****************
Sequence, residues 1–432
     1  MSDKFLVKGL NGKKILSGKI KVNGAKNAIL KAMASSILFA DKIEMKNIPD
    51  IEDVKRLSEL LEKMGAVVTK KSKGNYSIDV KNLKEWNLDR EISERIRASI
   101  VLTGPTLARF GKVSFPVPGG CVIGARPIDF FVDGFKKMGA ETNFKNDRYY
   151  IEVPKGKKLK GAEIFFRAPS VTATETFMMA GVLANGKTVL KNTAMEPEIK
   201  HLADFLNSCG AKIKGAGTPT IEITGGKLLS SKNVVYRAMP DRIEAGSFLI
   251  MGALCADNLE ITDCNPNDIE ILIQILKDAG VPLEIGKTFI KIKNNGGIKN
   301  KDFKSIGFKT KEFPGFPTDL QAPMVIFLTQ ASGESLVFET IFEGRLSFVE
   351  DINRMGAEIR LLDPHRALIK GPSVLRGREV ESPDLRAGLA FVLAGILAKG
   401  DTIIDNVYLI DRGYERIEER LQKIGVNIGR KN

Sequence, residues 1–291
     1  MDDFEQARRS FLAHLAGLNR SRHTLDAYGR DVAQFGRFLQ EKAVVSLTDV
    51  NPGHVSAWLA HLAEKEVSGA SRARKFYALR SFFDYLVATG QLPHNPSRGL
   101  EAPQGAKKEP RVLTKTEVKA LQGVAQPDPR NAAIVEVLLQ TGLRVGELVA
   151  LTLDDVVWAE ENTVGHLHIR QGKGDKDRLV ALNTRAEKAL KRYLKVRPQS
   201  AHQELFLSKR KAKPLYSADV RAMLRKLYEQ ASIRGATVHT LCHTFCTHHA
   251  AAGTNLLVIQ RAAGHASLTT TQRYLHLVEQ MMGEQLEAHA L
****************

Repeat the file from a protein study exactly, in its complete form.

Sequence, residues 1–432
     1  MSDKFLVKGL NGKKILSGKI KVNGAKNAIL KAMASSILFA DKIEMKNIPD
    51  IEDVKRLSEL LEKMGAVVTK KSKGNYSIDV KNLKEWNLDR EISERIRASI
   101  VLTGPTLARF GKVSFPVPGG CVIGARPIDF FVDGFKKMGA ETNFKNDRYY
   151  IEVPKGKKLK GAEIFFRAPS VTATETFMMA GVLANGKTVL KNTAMEPEIK
   201  HLADFLNSCG AKIKGAGTPT IEITGGKLLS SKNVVYRAMP DRIEAGSFLI
   251  MGALCADNLE ITDCNPNDIE ILIQILKDAG VPLEIGKTFI KIKNNGGIKN
   301  KDFKSIGFKT KEFPGFPTDL QAPMVIFLTQ ASGESLVFET IFEGRLSFVE
   351  DINRMGAEIR LLDPHRALIK GPSVLRGREV ESPDLRAGLA FVLAGILAKG
   401  DTIIDNVYLI DRGYERIEER LQKIGVNIGR KN

Sequence, residues 1–291
     1  MDDFEQARRS FLAHLAGLNR SRHTLDAYGR DVAQFGRFLQ EKAVVSLTDV
    51  NPGHVSAWLA HLAEKEVSGA SRARKFYALR SFFDYLVATG QLPHNPSRGL
   101  EAPQGAKKEP RVLTKTEVKA LQGVAQPDPR NAAIVEVLLQ TGLRVGELVA
   151  LTLDDVVWAE ENTVGHLHIR QGKGDKDRLV ALNTRAEKAL KRYLKVRPQS
   201  AHQELFLSKR KAKPLYSADV RAMLRKLYEQ ASIRGATVHT LCHTFCTHHA
   251  AAGTNLLVIQ RAAGHASLTT TQRYLHLVEQ MMGEQLEAHA L